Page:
The Mighty Mushroom: Why it Should Be a Fall & Winter Staple
article by Shannon Dahlum
When you think of seasonal fall vegetables, winter squash and pumpkins probably come to mind, along with potatoes, sweet potatoes, beets, and other root veggies. Common fruits in season this time of year include apples, pomegranates, figs, cranberries, and persimmons. Another plant food that’s abundant this time of year that may not immediately come to mind is mushrooms. To be fair, wild mushrooms have both a spring and autumn harvesting season, and are neither fruit nor vegetable; they’re fungi.
Several mushroom varieties grow abundantly in Louisiana, including oyster, chantrelle, and morels. Oyster mushrooms are considered a delicacy and can be found in many wooded areas around the state. Chantrelles are also a delicacy, with their bright orange or yellow caps and a fruity aroma. These can’t be grown commercially so they must be wild harvested by hand, which makes them more expensive to purchase. Morels have a very distinctive appearance, with a spongy or honeycomb like texture on its caps, and are highly sought after by mushroom hunters.
I’ve never known anyone to be unbiased about mushrooms; most seem to either love them or hate them. Regardless of how you feel about the taste or texture, the one thing that can’t be denied is their nutritional content. Mushrooms are a good source of selenium, which is vital for healthy thyroid function, DNA production and healthy cell function.
They also contain vitamins B2, B3, B5 and B9 which are essential for energy production, cell growth and formation. Additionally, mushrooms are rich in beta glucans, which enhance immune function, ergothioneines for antioxidative potentiation, nerve growth stimulators for helping brain function, and antimicrobial compounds for limiting viruses.
What may be most impressive about the mighty mushroom is its vitamin D content. Few plant foods naturally contain vitamin D, and mushrooms are actually the only plant food you’ll find in the grocery store that can increase its vitamin D content through exposure to ultraviolet light, or sunlight. In the same way that sunlight hitting your skin triggers the production of vitamin D in your body, the mushroom produces vitamin D when exposed to sunlight.
The recommended daily allowance of vitamin D (which is the minimum required to prevent diseases of deficiency) is 20 micrograms. Raw white mushrooms that you find in the produce aisle contain about 0.18 mcg. However, when those mushrooms are exposed to UV light, their vitamin D content shoots up to a whopping 23.6 mcg! Brown, or cremini mushrooms go from 0.08 mcg to 25.52 mcg after proper light exposure. Raw Portabellas contain 0.25 mcg and increase to 23.9 mcg of vitamin D after sitting in the sun.
If you’re able to find and purchase locally grown, wild harvested mushrooms which naturally had sun exposure, they’re already rich in vitamin D content. If you’re purchasing mushrooms in the grocery store that were likely farmed indoors, you can pump up their D content by giving them sun exposure yourself. Interestingly, even sliced and previously dried mushrooms will still synthesize vitamin D with sun exposure.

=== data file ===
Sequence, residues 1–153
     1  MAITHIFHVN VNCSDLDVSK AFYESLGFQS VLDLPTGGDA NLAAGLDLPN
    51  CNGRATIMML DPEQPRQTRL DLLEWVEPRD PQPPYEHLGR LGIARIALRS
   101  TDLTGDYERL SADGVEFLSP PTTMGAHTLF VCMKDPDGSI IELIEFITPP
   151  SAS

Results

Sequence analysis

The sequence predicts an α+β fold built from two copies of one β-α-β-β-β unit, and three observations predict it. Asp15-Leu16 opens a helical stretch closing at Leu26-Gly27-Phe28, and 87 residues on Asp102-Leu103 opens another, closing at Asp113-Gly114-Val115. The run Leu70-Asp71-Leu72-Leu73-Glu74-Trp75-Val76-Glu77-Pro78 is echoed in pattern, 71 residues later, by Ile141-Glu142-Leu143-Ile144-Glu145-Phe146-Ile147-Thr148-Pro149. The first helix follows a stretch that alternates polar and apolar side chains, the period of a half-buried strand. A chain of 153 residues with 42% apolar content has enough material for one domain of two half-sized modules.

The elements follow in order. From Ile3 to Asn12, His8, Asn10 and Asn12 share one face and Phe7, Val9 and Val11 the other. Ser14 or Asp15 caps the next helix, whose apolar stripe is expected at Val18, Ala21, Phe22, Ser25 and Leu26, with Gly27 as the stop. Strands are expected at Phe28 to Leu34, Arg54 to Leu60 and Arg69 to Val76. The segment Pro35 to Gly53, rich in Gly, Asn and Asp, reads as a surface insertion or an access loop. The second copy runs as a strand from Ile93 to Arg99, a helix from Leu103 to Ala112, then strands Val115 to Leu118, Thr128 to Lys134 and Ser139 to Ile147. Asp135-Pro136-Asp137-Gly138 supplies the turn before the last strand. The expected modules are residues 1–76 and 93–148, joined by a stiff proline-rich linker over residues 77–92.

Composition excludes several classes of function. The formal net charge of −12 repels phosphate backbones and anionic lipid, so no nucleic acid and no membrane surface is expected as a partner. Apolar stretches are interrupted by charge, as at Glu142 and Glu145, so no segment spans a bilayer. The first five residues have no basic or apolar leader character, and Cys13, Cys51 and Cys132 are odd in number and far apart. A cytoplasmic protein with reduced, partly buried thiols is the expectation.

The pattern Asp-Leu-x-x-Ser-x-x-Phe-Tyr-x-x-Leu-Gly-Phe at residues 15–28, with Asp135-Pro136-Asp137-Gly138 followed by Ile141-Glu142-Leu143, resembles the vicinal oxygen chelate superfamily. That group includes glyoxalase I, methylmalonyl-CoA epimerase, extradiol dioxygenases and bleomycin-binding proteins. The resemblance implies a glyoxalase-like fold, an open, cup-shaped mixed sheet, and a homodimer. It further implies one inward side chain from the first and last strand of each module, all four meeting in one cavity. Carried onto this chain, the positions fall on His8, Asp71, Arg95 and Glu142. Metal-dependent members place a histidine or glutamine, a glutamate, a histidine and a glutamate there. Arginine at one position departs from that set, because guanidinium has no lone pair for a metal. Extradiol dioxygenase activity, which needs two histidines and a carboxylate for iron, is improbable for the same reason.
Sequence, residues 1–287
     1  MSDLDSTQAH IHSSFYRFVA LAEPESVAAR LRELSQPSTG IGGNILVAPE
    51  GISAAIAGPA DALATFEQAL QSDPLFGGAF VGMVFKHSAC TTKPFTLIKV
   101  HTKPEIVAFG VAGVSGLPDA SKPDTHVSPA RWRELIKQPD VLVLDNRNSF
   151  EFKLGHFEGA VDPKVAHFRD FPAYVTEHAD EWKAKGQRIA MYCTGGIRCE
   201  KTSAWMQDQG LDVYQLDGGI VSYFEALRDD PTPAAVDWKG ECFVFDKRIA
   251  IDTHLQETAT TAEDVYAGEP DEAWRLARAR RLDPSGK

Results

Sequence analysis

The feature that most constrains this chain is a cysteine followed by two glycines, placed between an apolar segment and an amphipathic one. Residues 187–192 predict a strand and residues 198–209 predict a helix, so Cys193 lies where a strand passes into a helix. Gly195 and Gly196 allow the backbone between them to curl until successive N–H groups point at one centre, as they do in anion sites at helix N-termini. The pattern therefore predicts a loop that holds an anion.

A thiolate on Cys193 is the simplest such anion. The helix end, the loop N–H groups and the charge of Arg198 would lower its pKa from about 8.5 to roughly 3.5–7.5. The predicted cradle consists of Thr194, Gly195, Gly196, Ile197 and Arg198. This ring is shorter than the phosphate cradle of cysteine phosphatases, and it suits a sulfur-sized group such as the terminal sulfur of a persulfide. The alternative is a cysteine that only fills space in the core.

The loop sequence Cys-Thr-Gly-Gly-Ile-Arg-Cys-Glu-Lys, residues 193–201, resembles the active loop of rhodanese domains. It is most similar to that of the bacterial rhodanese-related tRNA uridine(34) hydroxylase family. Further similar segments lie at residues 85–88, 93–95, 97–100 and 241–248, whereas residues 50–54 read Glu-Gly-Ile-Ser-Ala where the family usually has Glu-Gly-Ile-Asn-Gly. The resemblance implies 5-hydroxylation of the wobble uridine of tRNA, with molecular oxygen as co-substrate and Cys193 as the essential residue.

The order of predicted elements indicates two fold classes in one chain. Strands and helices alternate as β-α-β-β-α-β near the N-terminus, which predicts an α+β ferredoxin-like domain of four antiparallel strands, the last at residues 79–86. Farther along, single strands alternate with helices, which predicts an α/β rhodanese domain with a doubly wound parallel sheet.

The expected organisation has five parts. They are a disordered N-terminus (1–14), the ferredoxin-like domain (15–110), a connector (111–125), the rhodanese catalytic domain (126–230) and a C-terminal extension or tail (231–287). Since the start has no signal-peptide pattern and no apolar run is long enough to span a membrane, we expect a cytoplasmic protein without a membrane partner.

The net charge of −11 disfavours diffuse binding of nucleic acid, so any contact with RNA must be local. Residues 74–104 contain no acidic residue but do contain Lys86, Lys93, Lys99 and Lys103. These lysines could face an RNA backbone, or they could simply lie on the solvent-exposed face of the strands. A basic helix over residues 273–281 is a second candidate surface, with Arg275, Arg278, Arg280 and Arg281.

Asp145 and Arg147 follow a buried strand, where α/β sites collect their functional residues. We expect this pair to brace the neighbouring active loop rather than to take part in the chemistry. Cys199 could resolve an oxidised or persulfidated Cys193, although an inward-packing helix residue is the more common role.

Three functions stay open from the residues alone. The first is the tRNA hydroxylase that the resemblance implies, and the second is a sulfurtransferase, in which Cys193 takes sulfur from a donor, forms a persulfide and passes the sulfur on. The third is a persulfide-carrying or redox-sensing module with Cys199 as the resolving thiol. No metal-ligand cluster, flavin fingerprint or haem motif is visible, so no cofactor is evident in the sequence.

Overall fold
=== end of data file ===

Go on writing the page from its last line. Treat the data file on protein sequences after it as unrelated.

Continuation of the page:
To take advantage of the mushroom’s ability to generate vitamin D, it’s recommended to place your raw mushrooms in the midday sun for about an hour when you get them home from the store. Researchers have found that letting the mushrooms sit outside for even just 15 minutes on a cloudy day can significantly increase D levels. In studies, the largest increases in vitamin D production came from oyster and enoki mushrooms, followed by portobello and shiitake. Regardless of the mushroom variety, production of D can be enhanced even further by slicing them before placing them in the sunlight. This is because slicing them increases the surface area being exposed to the UV light.
Vitamin D is an essential nutrient needed for keeping our immune systems strong and for supporting our mental health. As our sun exposure and vitamin D production begins to diminish this time of year as the days get shorter, rates of depression and seasonal affective disorder increase. This makes it especially important for us to be intentional about consuming more vitamin D rich foods. Regularly eating mushrooms that have had some time in the sun is a simple way to do this!
Mushrooms have very tough cell walls that are essentially indigestible to us, which means that we may not absorb their nutrients efficiently when eating them raw. Thoroughly heating them releases the many nutrients they contain and makes them more available to our bodies. I prefer sautéing my sliced mushrooms in some organic, grass-fed butter which is also rich in vitamin D. Vitamin D is fat soluble, so the fat in the butter helps our bodies absorb that vitamin D, as well. A bit of Celtic sea salt, fresh cracked pepper and fresh thyme really makes them irresistible to me!
The growing and harvesting season for wild mushrooms is actually coming to a close this month. Of course, you can always find white, portobello and shiitake mushrooms year round in the produce aisle. Even better, try your hand at growing your own mushrooms! Milliman Mushroom Farm, located in West Monroe, sells mushroom growing kits that make it easy to grow your own at home. Check Fiesta on Eighteenth, for His Temple family foods, and Gibson’s Fresh Grocer for their products.
The outdoor veggie growing season may be coming to an end, but you can begin growing mushrooms inside and keep them going all winter long! Whatever mushrooms you’re going to cook, just don’t forget to give them time outside to soak up some sun before cooking them.